Hydrogen silver bullet?

Engineers at the University of Pennsylvania have reportedly produced 288% more energy in creating a hydrogen fuel than was used in the process, a massive improvement over previous efforts. (Hat tip to this dailyKos diary).

Numerous public transportation systems are moving toward hydrogen-powered engines as an alternative to gasoline, but most hydrogen today is generated from nonrenewable fossil fuels such as natural gas.

The method used by engineers at Pennsylvania State University however combines electron-generating bacteria and a small electrical charge in a microbial fuel cell to produce hydrogen gas….

In the past, the process, which is known as electrohydrogenesis, has had poor efficiency rates and low hydrogen yields.

But the researchers at Pennsylvania State University were able to get around these problems by chemically modifying elements of the reactor.

In laboratory experiments, their reactor generated hydrogen gas at nearly 99 percent of the theoretical maximum yield using aetic acid, a common dead-end product of glucose fermentation.

We’ve long heard about the future hydrogen highway, where transportation vehicles are fueled by liquid hydrogen and emit only water. This is the so-called dream zero emission fuel but the dream has been hampered by a lack of a renewable energy source, poor conversion rates, storage issues and the massive investment in infrastructure required in this new fuel scenario. But this finding could radically change all that.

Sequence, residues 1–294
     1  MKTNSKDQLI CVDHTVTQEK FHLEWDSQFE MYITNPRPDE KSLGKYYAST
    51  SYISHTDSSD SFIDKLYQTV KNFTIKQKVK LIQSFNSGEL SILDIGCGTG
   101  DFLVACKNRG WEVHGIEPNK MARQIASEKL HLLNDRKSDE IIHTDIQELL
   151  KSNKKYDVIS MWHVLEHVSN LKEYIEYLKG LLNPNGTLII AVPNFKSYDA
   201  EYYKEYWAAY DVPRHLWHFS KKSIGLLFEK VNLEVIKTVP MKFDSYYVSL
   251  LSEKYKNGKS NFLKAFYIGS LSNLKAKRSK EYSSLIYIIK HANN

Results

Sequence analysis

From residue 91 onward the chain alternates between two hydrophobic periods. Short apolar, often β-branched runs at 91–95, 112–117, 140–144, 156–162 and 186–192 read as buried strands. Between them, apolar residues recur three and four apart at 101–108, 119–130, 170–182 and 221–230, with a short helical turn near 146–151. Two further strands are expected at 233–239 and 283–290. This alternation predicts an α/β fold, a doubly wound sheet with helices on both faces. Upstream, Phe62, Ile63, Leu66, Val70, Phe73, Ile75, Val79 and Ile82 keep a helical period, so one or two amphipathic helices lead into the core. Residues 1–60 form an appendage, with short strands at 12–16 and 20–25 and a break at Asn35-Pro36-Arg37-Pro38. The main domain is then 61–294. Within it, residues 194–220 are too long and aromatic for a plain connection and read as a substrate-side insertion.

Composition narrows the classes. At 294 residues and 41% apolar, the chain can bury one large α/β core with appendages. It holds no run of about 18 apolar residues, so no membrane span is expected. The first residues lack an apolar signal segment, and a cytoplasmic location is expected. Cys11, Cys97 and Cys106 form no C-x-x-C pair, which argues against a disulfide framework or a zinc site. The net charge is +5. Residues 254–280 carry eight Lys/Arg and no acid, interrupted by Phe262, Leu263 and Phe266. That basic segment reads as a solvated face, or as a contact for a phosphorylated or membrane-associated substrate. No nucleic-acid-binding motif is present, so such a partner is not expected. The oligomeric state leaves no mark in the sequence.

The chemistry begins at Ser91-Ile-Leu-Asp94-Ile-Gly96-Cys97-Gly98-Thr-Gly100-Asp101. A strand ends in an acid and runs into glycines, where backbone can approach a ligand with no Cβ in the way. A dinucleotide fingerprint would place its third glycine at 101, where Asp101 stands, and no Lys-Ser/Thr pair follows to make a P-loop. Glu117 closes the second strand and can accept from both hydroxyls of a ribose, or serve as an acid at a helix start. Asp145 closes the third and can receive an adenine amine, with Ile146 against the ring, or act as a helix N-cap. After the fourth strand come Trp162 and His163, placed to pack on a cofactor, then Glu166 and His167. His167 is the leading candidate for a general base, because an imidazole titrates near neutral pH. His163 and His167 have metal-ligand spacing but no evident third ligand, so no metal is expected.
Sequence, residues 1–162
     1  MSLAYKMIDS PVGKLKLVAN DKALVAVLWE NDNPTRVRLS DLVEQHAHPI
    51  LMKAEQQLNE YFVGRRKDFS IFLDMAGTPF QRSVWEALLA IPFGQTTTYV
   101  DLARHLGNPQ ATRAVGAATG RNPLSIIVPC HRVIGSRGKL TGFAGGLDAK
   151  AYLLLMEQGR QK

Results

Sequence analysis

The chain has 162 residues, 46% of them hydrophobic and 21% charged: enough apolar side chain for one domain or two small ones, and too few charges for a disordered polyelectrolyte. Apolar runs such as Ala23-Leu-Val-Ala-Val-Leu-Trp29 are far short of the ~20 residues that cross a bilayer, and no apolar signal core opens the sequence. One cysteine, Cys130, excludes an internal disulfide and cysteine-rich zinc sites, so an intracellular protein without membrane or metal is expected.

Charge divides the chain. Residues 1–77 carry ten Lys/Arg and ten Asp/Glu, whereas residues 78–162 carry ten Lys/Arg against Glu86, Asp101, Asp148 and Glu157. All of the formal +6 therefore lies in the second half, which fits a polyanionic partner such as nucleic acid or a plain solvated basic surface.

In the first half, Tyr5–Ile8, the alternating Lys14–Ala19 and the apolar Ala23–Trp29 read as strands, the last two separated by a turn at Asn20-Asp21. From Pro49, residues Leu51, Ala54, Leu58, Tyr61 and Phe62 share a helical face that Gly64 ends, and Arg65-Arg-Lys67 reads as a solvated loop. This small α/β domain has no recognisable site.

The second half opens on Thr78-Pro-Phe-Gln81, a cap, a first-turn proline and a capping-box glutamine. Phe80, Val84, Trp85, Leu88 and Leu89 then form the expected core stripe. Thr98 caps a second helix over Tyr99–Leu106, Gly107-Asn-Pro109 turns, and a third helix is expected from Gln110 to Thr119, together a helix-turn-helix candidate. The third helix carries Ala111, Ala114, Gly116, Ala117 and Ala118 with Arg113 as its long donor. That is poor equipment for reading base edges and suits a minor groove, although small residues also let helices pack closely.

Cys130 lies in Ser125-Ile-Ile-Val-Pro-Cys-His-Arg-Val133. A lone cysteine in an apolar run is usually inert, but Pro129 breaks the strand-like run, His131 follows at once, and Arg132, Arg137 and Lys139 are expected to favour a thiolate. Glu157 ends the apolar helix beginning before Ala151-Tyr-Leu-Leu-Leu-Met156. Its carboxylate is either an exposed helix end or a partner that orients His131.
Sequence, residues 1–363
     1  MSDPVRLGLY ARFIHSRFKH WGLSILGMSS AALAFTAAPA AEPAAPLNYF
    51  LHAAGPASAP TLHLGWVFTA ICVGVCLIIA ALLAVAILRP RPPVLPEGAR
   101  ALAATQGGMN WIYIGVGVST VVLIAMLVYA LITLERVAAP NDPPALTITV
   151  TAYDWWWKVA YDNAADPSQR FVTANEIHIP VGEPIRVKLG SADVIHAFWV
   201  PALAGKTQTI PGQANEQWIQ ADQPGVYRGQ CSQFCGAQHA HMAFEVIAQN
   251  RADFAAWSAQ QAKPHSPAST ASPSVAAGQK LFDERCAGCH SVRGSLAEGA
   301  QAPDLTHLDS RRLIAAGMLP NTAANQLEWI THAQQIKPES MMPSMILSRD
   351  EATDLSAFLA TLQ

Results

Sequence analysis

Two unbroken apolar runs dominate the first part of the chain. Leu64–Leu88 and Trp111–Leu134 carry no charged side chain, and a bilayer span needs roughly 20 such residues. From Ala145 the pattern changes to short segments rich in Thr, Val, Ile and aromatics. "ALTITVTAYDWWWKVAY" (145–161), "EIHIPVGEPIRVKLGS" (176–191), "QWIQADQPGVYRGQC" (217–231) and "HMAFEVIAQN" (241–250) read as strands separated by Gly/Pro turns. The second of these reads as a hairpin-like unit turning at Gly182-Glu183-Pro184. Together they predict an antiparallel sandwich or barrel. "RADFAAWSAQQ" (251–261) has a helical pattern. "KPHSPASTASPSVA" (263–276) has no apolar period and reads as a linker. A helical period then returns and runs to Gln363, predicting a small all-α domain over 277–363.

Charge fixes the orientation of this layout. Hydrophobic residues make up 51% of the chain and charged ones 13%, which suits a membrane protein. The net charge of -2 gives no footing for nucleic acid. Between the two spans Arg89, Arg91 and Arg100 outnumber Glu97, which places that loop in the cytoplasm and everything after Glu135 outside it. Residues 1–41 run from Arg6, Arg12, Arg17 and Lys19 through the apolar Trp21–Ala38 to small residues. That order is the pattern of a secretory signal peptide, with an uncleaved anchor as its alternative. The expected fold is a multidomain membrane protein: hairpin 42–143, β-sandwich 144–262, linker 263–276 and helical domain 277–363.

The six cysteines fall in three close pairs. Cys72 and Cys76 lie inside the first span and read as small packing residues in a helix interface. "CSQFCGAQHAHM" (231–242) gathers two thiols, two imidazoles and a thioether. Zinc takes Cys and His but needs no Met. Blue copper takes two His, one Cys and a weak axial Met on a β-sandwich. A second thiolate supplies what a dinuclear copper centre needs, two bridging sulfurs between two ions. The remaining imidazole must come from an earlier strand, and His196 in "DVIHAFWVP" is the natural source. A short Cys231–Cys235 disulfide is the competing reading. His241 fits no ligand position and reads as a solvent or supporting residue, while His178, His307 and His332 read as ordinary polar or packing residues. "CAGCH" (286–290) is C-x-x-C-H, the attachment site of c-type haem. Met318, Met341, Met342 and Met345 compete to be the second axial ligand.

Let’s do a quick comparison of different fuel sources to see why:

  • Corn ethanol (currently used in the U.S.): for every 1 unit of energy that goes in to creating corn-based ethanol, you get 1.3 units of energy out.
  • Sugarcane ethanol (currently used in Brazil): 8 units out for every 1 in.
  • Biodiesel: 2.5 units.
  • Cellulosic ethanol (not yet production ready): estimated between 2 and 36 units out for every 1 unit of energy in, depending upon the production method.
  • Microbial fuel cells: 2.9 units of energy created for every unit of energy used.

See this National Geographic interactive on biofuels to learn more. While cellulosic ethanol may have a greater promise for energy output, microbial hydrogen gas may be a more immediate solution:

The technology offers a way to cheaply and efficiently generate hydrogen gas from readily available and renewable biomass such as cellulose or glucose, and could be used for powering vehicles, making fertilizer and treating drinking water.

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